|mike and marie|
Joined: Jun 24, 2008
|Posted: 2010-08-17 3:06 pm  Permalink|
We've enjoyed lurking here for a long time, seeing so many great projects come to life and cheering them on ... notably and in recent memory Hula Sue's and the Pao Pao Hut. And to that last one, I admit to being completely skeptical at first, and was progressively more convinced (and blown away!) as the thread commenced ... so it's in that spirit that we're finally motivated to make a post about our own ongoing tiki saga, the building of the Treasure Island Room.
We figure we should be documenting this somewhere, and since we'll undoubtedly need help or input on various parts of what has become a maddening all-consuming and impossible-sounding project, this is the place!
And we have to start all this by saying that the name itself is a misnomer of sorts. We knew when we first undertook the project that this was going to be the name -- it's named after the city of Treasure Island, Florida, which until fairly recently was an absolute mecca of classic mid-century modern architecture. We were very involved in trying to save it, but after a bitter and protracted battle, and despite some awesome media coverage leading to the city getting quite a few generous offers of assistance, the cause was basically lost. (There's still a few great landmarks there today, but it's only a shadow of what it was in 2004 ... which was when the whole two-mile strip looked basically like the best of 1964!)
But as the name applies to the tiki here, it's a misnomer because it's no longer merely a 'room' -- the project has ballooned into taking up a little more than a floor of the house!
We've been occupied with other rooms and restoration projects here so all of our tiki has been tucked away in storage, but this summer we've put our full attention to getting the TI Room in place -- even to the point of missing the Hukilau (we were painting tapa cloth that weekend instead).
At first the idea was to create a respectable and suitably vintage tiki bar that would be home for our collection of mugs, art, and artifacts from all these lost places that we love ... but as we came up with more places and ideas for must-have "tributes" that we'd absolutely have to do, the project quickly spun out of our control ... maybe over the top ... and then as we decided that all of this was entirely within the realm of physical possibility, we decided to just go with it. Might as well lay out our full intentions here on this first post to not only hold ourselves up to it in the coming months (gulp) but also solicit advice and ideas from the rest of you guys, since there's obviously a lot of first-class tikifying talent on here.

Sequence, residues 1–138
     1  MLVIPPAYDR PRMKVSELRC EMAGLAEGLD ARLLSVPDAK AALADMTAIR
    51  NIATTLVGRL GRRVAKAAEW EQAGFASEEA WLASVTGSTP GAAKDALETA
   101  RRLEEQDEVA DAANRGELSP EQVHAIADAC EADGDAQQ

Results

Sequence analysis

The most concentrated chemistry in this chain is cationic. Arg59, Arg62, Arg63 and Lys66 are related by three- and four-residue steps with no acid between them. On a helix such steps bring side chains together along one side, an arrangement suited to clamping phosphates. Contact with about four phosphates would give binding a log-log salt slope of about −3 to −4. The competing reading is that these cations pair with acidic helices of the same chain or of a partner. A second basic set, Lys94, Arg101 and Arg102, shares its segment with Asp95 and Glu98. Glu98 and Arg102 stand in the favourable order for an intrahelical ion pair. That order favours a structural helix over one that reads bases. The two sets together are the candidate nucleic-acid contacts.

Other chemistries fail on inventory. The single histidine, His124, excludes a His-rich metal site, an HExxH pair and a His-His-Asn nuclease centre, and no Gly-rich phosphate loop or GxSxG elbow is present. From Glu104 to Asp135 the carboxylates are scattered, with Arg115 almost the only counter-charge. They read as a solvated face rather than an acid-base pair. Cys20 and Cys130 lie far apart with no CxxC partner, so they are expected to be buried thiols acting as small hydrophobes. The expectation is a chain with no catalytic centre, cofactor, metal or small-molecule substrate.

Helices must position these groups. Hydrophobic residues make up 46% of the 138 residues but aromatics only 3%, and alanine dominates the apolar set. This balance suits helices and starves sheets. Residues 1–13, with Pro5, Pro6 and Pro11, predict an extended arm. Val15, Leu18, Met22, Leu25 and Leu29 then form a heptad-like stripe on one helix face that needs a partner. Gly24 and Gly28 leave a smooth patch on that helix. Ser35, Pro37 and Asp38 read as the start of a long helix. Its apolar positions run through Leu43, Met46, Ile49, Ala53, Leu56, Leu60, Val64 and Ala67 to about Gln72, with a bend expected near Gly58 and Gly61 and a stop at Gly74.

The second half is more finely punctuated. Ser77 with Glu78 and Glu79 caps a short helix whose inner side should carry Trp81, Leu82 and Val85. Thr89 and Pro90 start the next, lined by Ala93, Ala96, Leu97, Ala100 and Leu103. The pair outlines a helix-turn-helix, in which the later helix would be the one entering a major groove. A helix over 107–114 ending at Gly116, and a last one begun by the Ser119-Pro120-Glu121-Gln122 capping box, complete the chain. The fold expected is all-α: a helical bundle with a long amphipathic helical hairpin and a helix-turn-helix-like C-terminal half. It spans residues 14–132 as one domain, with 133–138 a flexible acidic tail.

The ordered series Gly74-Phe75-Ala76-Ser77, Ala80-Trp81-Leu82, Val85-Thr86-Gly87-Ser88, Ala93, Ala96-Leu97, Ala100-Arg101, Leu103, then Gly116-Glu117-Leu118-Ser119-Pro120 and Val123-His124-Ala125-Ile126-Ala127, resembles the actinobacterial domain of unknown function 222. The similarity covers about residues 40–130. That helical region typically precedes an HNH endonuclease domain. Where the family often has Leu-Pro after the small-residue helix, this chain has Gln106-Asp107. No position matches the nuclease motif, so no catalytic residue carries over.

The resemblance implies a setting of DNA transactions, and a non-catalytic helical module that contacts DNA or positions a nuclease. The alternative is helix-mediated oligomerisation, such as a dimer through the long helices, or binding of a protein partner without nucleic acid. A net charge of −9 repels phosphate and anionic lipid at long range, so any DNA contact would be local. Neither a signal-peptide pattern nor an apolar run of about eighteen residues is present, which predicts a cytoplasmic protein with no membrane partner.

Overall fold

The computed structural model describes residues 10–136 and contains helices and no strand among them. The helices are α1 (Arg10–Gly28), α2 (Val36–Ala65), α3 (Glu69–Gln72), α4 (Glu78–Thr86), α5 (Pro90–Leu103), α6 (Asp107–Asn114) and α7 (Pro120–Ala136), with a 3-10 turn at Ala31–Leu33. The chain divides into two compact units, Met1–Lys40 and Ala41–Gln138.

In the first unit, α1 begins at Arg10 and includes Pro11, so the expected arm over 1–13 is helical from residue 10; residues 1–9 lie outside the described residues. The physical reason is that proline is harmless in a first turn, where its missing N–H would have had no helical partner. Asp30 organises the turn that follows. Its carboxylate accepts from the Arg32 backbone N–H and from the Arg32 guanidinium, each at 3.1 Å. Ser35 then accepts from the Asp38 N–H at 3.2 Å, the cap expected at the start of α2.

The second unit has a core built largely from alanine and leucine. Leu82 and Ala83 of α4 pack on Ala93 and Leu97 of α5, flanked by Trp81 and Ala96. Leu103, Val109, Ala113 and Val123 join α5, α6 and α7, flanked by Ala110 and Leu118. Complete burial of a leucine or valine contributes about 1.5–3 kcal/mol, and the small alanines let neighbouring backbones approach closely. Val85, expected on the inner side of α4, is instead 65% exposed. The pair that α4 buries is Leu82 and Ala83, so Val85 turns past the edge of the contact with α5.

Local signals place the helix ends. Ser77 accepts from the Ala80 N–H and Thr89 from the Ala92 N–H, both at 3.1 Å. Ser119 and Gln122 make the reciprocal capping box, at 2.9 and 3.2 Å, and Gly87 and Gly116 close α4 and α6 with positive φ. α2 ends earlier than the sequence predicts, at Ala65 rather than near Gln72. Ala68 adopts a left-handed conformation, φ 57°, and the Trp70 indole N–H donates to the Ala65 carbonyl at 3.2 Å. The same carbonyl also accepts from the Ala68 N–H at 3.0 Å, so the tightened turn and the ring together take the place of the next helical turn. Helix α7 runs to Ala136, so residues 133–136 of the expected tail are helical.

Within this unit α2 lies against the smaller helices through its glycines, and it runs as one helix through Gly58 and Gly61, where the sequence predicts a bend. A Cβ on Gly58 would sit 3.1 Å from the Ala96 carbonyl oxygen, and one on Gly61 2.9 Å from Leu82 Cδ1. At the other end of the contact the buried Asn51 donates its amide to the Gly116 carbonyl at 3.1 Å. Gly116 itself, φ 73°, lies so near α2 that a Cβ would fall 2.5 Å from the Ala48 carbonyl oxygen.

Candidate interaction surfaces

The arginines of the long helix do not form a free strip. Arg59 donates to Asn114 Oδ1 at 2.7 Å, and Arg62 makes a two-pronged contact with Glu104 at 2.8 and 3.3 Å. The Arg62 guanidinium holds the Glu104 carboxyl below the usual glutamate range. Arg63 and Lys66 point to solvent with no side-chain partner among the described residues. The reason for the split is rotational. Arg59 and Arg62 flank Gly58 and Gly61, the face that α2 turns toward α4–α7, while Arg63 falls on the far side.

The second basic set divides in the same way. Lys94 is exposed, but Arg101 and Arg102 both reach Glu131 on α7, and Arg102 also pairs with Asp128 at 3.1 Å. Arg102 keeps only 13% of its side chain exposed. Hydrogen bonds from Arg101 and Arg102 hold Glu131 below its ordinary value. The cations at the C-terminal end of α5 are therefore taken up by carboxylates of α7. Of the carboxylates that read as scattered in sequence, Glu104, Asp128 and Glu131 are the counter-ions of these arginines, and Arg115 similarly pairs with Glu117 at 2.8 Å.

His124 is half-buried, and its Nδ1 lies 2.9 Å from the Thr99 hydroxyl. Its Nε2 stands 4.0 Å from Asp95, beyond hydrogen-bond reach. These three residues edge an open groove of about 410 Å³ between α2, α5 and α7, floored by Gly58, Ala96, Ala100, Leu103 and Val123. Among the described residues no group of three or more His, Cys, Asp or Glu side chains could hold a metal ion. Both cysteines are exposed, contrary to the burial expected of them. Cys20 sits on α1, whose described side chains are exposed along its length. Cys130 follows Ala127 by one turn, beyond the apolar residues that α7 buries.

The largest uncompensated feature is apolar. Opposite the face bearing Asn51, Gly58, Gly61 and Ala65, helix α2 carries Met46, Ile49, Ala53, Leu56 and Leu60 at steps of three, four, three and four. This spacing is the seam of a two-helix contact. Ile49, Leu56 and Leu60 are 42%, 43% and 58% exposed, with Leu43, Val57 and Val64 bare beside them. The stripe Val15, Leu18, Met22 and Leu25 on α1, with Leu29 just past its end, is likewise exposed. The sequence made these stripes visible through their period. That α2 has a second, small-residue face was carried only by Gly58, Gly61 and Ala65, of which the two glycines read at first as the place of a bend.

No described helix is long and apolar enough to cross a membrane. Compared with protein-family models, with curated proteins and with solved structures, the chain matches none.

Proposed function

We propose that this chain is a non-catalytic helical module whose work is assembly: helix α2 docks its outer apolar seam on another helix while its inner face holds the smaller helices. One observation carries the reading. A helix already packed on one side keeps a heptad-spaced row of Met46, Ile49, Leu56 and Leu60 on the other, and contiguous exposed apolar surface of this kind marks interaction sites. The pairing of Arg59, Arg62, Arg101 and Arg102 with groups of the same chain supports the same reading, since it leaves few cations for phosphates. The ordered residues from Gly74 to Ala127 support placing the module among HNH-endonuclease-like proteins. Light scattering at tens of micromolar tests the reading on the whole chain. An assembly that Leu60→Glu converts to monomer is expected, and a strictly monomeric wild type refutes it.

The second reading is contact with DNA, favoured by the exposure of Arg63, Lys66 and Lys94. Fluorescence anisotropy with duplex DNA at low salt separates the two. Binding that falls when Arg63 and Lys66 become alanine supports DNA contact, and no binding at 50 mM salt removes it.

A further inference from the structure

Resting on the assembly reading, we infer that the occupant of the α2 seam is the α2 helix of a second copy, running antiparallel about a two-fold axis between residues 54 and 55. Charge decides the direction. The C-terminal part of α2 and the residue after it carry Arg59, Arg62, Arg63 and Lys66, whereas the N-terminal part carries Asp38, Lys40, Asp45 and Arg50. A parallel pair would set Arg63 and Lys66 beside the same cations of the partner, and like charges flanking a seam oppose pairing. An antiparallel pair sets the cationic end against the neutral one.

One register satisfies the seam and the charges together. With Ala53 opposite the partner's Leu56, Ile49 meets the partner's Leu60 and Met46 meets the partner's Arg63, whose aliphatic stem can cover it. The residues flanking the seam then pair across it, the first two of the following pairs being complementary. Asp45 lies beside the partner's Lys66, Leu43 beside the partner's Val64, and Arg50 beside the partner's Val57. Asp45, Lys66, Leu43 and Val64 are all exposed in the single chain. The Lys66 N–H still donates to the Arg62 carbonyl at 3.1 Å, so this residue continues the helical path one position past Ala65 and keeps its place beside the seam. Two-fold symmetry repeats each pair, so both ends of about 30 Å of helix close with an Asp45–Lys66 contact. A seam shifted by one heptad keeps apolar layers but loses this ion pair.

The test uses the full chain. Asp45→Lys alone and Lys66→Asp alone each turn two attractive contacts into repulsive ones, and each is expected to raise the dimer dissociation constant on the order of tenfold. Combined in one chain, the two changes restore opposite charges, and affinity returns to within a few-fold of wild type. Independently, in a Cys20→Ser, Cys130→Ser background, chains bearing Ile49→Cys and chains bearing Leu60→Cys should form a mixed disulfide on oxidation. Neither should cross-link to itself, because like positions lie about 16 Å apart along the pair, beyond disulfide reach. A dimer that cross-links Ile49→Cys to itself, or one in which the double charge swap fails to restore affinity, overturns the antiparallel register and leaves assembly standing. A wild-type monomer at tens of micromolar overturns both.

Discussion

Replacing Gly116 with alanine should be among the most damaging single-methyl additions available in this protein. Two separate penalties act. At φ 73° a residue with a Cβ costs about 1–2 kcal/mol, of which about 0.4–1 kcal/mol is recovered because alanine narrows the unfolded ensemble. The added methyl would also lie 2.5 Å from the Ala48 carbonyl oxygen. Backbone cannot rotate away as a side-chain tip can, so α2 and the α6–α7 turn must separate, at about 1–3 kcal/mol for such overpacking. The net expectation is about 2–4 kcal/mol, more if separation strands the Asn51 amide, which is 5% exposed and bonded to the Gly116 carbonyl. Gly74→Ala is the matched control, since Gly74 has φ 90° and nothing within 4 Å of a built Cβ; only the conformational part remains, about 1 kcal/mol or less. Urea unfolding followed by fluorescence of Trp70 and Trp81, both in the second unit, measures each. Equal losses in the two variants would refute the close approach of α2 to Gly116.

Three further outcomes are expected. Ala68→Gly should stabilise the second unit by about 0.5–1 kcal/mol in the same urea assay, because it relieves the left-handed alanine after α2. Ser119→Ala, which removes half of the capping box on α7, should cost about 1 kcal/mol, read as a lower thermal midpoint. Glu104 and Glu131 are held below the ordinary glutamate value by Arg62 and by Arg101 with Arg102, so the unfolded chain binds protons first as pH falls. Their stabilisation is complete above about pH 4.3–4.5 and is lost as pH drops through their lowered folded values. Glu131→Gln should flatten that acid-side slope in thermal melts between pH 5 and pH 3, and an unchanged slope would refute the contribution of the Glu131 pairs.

The current floorplan includes little "tributes" of all our favorite places, like the Mai-Kai, Tiki Gardens, the Tiki-Ti, the Tonga Hut and so on ... including a rock grotto with a fountain and real working moai fireplace replica from the Kahiki (and eventually, a tropical thunderstorm with rain, thunder and lightning); a dining room area that will be a ship's galley replica of the Wreck Bar, with "underwater" portholes and a hole in the ship's ceiling; a life-sized mermaid diorama behind the bar as our tribute to the Wreck Bar (and the setting of one of the best films of all time, Mako, The Jaws of Death), the gals of Weeki Wachee and the mermaids of hotel bars like 2 Fathoms Down; an "outdoor" area with fiber optic star ceiling, photo wall mural of Treasure Island, and a mini dance floor with the green and beige flooring of the Polynesian Room at the Signal House; a nautical bar with varnished & scalloped pine as it appeared at the Careless Navigator (and probably a hundred other nautical-themed bars!); an outdoor "beach" area with shuffleboard court, grill, and tiki bar; a miniature replica of The Surf of Treasure Island (the best of Treasure Island's lost motels) with a mural and one of its "spider leg" beams, plus a motel "living room area" containing the only known actual piece of The Surf in existence; and other details like the Sheraton Kon-Tiki's Samoan wall art, the Hala Kahiki's bamboo overhang, and probably too many things I'm forgetting. (Haven't even mentioned the Bahooka, Don the Beachcomber, Damon's, Old Tony's ... it's out of hand!)
We're actually moving quite along in the project (although the critical path checklist still looks like it's for conducting a moon landing and not a home renovation). Parts of the floor plan are recognizable now, but we figured that if we're posting here we should start at the sordid beginning ... so here's a couple of the earliest shots that show what we had to work with -- sorry for the poor quality but at the time we weren't thinking of documenting it anywhere. This is the family room and what looks like a cheerless "dungeon" (and it's actually not totally "before" because it's already stripped to the bare concrete).
In the "beach" room where the shuffleboard court will go, one of the first things we did was epoxy the floor to look like a sandy beach:
[ This Message was edited by: mike and marie 2012-10-07 15:12 ]
[ This Message was edited by: mike and marie 2018-01-19 10:43 ]